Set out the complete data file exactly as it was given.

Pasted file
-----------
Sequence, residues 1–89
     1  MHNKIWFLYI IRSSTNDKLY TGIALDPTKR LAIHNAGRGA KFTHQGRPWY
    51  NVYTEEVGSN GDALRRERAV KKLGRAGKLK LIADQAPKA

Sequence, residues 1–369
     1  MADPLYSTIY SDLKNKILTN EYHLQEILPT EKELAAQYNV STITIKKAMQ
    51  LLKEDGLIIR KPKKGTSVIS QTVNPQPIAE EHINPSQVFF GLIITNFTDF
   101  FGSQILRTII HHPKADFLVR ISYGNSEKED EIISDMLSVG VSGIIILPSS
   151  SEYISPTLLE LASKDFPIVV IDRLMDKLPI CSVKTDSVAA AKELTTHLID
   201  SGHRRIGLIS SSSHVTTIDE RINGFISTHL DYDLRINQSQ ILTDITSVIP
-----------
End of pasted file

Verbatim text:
Sequence, residues 1–89
     1  MHNKIWFLYI IRSSTNDKLY TGIALDPTKR LAIHNAGRGA KFTHQGRPWY
    51  NVYTEEVGSN GDALRRERAV KKLGRAGKLK LIADQAPKA

Sequence, residues 1–369
     1  MADPLYSTIY SDLKNKILTN EYHLQEILPT EKELAAQYNV STITIKKAMQ
    51  LLKEDGLIIR KPKKGTSVIS QTVNPQPIAE EHINPSQVFF GLIITNFTDF
   101  FGSQILRTII HHPKADFLVR ISYGNSEKED EIISDMLSVG VSGIIILPSS
   151  SEYISPTLLE LASKDFPIVV IDRLMDKLPI CSVKTDSVAA AKELTTHLID
   201  SGHRRIGLIS SSSHVTTIDE RINGFISTHL DYDLRINQSQ ILTDITSVIP